ESSAY XIV.
ON THE APPROACHING CORONATION.

That a time of war is a time of parsimony, is a maxim which patriots and senators have had often in their mouths, and which I do not remember ever to have been denied. I know not whether by the acute enquiries of the present age, this opinion has been discovered to be groundless, and is therefore thrown aside among obsolete follies; or whether it happened on this, as on other occasions, that conviction is on one side, and practice on the other; but so it is, that the war, whatever it has taken from the wealth, has added nothing to our frugality. Every place of splendid pleasure is filled with assemblies, every sale of expensive superfluities is crowded with buyers; and war has no other effect, than that of enabling us to shew that we can be at once military and luxurious, and pay soldiers and fidlers at the same time. Among other changes which time has effected, a new species of profusion has been produced. We are now, with an emulation never known before, outbidding one another for a sight of the Coronation; the annual rent of palaces is offered for a single room for a single day.” I am far from desiring to repress curiosity, to which we owe so great a part of our intellectual pleasures; nor am I hardy enough to oppose the general practice of mankind, so much as to think all pomp or magnificence useless or ridiculous. But all passions have their limits, which they cannot exceed without putting our happiness in danger; and although a fine show be a fine thing, yet, like other fine things, it may be purchased too dear. All pleasures are valuable in proportion to their greatness and duration: that the pleasure of a show is not of any long continuance, all know, who are now striving for places; for if a show was long, it would not be rare. This is not the worst, the pleasure while it lasts will be less than is expected. No human performance can rise up to human ideas. Grandeur is less grand, and finery less fine than it is painted by the fancy; and such is the difference between hope and possession, that, to a great part of the spectators, the show will cease as soon as it appears. Let me yet not deceive my readers to their disadvantage, or represent the little pleasures of life as less than they are.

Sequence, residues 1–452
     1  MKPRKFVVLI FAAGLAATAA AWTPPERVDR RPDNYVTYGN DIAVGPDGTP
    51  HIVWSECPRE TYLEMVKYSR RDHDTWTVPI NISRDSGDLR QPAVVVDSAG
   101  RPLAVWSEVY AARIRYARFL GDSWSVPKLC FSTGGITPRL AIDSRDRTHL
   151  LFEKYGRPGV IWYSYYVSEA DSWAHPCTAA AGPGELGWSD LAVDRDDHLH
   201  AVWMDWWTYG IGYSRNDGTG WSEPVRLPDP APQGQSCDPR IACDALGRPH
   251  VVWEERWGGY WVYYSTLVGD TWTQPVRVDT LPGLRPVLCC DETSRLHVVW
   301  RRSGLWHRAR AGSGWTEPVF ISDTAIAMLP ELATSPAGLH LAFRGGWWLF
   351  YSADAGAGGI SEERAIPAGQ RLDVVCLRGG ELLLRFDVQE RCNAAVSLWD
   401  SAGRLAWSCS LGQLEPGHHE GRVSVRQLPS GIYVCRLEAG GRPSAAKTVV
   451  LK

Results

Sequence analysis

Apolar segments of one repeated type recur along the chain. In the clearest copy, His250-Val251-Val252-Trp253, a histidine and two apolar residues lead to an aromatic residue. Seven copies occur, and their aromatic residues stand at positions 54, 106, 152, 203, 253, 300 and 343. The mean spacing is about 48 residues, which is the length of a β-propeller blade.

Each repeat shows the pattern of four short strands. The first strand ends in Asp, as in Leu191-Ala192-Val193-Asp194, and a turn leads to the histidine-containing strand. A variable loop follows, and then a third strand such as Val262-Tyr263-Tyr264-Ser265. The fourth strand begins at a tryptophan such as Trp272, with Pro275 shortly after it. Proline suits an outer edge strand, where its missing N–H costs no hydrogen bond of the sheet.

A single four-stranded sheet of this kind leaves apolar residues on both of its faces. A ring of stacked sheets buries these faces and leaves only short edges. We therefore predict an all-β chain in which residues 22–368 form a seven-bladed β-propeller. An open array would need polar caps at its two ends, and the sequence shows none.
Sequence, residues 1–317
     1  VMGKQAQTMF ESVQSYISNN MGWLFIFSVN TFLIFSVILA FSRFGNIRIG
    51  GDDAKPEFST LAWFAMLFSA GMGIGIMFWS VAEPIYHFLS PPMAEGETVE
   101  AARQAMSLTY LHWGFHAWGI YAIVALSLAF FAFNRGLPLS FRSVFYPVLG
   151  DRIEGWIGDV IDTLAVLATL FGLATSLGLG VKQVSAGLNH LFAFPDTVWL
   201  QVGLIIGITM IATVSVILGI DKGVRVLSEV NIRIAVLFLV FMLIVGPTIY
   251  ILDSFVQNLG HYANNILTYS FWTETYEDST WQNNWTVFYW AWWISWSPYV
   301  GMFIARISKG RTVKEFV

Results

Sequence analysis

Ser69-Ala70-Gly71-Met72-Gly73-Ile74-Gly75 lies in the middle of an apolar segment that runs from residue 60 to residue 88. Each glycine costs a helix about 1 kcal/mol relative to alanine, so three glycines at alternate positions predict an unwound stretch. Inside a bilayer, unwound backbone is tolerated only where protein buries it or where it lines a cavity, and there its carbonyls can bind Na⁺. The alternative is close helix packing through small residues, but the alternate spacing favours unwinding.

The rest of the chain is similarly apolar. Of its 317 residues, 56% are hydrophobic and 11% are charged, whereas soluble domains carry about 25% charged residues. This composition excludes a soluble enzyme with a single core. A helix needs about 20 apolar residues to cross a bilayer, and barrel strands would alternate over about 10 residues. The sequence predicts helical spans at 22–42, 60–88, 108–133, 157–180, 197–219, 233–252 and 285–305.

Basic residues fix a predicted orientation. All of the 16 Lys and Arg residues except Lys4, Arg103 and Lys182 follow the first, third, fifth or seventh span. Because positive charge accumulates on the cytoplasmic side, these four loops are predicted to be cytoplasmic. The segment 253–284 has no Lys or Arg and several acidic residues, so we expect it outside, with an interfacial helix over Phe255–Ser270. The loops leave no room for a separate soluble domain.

(1) ['The coronation took place on the 22d. of Sep. 1761. The front seats in the galleries of Westminster Abbey were let at ten guineas each, and those in the houses along the procession at the same price. Some of them cleared upwards of a thousand pounds. See Ann. Reg. vol. iv. p. 218.]

Those who come to see come likewise to be seen, and will, for many hours before the procession, enjoy the eyes of innumerable gazers. Nor will this be the last or the longest gratification; those who have seen the coronation, will have whole years of triumph over those who saw it not. They will have an opportunity of amusing their humble friends and rustic acquaintances with narratives, often heard with envy, and often with wonder; and when they hear the youth of the next generation boasting the splendour of any future procession, they will talk with contemptuous superiority of the Coronation of George the Third."

ESSAY XV.
on NATIONAL concoFD.”

As you seem by your writings to have a just regard and filial affection for your country, and as your monthly lucubrations are widely diffused over all the dominions of Great Britain, I take the liberty to communicate to the public, through your channel, a few loose thoughts upon a subject, which, though often handled, has not yet, in my opinion, been fully discussed : I mean national concord, or unanimity, which, in this kingdom, has been generally considered as a bare possibility, that existed no where but

(1) [“I am going to let London cool, and will not venture into it again this fortnight. O! the buzz, the prattle, the crowds, the noise, the hurry! If I was to entitle ages, I would call this ‘the century of crowds.” For the coronation, if a puppet-show could be worth a million, that is. The multitudes, balconies, guards, and processions, made Palace-yard the liveliest spectacle in the world : the hall was the most glorious. The blaze of lights, the richness and variety of habits, the ceremonial, the benches of peers and peeresses, frequent and full, was as awful as a pageant can be ; and yet, for the king's sake and my own, I never wish to see another.”— Horace Walpole, Sep. 24, 1761.]

(2) [Written in December 1760.]